Continuous descent instrument approach procedures are already operational, or under evaluation, at Marseille, Strasbourg Paris-Orly, Paris-CDG, Toulouse and Lyon-Saint-Exupéry airports. New procedures are being developed at Basel-Mulhouse, Bordeaux, Nantes and Nice.

 

Raising arrival altitudes

Raising arrival altitudes also contributes to reducing noise pollution around airports. This approach was adopted in the Paris region as part of the Grenelle Environment Forum. This complex project has been divided into three phases since 2008. The third and final phase should be implemented in Autumn 2011.

Nuisances: aircraft take the AIRE

Nuisances: aircraft take the AIRE

Afficher la version texte de l'infographie

1/Taxi-out

On the ground the aircraft can only use one engine on twin-engine aircraft, or two engines on four-engine aircraft. This procedure reduces fuel consumption, exhaust and noise emissions.

 

2/Waiting time before take-off

In coordination with the airport operator, the airline and the air traffic control service, an instruction for engine start-up and taxiing is handled in such a way that waiting time at the runway threshold is limited to a maximum of 10 minutes.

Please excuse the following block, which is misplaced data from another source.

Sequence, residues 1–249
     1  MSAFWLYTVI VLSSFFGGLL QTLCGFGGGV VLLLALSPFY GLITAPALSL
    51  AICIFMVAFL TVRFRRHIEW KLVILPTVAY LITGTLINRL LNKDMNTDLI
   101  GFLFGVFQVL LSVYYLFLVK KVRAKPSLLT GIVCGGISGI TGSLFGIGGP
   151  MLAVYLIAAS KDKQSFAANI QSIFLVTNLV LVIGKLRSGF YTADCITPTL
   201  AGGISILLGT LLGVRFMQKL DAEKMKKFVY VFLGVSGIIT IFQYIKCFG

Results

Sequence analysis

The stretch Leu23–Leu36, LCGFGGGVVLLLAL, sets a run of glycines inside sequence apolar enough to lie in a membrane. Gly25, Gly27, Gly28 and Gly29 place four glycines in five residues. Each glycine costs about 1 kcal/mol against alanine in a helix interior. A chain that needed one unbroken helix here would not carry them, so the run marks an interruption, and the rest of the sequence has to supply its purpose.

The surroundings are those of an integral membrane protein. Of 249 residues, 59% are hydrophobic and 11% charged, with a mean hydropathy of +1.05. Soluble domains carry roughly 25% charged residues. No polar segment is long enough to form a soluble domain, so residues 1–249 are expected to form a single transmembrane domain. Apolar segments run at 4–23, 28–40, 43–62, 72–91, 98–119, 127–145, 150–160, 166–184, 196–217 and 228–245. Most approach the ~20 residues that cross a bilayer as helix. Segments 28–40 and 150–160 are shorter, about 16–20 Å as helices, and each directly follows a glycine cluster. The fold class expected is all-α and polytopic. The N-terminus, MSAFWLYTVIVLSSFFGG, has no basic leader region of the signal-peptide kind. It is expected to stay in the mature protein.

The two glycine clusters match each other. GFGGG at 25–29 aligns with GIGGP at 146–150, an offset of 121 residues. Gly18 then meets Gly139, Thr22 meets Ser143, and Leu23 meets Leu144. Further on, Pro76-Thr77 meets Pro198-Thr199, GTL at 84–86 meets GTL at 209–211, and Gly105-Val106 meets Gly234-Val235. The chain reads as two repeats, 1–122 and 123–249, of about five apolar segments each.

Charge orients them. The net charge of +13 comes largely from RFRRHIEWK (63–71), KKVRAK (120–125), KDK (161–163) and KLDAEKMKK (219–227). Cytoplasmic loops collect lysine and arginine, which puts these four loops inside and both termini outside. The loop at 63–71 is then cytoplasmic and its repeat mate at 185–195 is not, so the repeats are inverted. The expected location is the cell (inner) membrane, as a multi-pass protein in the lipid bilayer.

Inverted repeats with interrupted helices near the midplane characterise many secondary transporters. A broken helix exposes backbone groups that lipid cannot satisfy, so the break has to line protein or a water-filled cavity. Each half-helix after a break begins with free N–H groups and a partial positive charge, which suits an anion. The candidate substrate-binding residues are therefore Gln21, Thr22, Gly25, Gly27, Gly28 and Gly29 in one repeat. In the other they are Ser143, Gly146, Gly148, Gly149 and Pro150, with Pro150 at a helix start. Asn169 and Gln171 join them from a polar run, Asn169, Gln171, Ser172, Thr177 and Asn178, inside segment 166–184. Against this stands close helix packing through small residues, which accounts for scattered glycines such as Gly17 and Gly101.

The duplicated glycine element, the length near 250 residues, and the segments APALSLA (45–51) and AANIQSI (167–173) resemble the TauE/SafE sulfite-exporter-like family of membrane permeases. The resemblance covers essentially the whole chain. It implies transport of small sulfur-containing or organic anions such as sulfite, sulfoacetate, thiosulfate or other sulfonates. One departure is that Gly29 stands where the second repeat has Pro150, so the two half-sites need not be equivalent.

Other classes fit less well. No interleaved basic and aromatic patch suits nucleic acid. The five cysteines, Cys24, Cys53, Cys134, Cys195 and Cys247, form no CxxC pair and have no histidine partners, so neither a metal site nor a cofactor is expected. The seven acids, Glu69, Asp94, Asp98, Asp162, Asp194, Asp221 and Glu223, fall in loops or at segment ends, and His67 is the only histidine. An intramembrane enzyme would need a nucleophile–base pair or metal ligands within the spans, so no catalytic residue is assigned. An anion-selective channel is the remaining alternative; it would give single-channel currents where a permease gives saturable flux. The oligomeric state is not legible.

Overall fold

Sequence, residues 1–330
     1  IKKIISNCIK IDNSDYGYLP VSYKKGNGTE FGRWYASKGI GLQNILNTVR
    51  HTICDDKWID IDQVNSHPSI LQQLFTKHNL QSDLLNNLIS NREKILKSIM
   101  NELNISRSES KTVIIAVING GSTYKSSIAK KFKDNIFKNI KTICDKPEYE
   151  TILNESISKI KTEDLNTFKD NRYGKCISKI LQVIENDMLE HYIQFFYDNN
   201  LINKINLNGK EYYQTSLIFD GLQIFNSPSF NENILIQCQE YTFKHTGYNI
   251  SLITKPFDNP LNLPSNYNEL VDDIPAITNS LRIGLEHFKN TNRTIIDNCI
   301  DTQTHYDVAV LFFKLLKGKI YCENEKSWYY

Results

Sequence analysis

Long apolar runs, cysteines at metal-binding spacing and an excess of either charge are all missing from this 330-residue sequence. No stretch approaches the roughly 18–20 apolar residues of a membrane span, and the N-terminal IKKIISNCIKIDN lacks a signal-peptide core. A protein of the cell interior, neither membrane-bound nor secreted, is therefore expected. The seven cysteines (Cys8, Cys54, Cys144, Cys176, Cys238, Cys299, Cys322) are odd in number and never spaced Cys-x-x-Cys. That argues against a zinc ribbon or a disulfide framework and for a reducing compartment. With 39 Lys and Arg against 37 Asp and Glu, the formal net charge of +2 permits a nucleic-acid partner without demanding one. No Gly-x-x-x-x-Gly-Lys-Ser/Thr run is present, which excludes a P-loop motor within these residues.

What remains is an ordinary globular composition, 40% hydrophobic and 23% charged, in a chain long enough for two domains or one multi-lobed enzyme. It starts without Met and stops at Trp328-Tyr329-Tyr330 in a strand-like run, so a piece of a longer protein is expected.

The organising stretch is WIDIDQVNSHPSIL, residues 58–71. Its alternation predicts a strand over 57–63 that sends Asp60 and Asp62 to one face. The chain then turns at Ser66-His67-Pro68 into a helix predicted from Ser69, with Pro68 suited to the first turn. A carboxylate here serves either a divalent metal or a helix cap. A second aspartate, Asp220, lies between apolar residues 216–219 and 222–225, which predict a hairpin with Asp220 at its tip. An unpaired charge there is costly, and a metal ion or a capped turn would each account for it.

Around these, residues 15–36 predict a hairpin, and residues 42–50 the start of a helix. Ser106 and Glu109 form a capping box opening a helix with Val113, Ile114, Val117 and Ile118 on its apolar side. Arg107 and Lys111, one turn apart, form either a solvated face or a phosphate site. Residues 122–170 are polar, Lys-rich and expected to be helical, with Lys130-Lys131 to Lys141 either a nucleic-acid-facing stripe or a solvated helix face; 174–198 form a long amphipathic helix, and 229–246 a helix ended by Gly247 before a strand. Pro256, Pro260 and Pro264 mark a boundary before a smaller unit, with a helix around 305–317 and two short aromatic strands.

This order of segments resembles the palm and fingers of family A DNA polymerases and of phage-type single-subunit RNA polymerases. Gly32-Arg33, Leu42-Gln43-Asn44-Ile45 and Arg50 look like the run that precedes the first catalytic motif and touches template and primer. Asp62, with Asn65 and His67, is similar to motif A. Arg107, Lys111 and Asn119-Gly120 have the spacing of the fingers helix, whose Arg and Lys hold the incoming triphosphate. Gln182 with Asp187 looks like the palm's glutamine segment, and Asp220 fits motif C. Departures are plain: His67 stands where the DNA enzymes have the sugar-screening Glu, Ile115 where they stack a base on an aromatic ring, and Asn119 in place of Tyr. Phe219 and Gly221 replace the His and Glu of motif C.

3/Continuous climb

Air traffic control services authorise a continuous climb to cruise level without intermediate steps which significantly reduces fuel consumption and gas emissions

 

4/Cruise Climb

The aircraft burns up fuel during the flight. By coordinating with oceanic air traffic control centres, the aircraft can continue to step-climb in order to fly at its optimum level.

 

5/Continuous descent

Air traffic control services authorise a continuous descent without intermediate steps. This coordination between pilot and controller enables a reduction in gas and noise pollution at low altitude.

 

6/Taxi-in

The sharing of information reduces taxiing time. Where possible, controllers can assign a runway to an aircraft closest to its parking place.  As with the taxi-out, aircraft have the option of using only one or two engines depending on the engine type.

 

Final approach higher with reduced noise pollution

Final approach higher with reduced noise pollution

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Raising the landing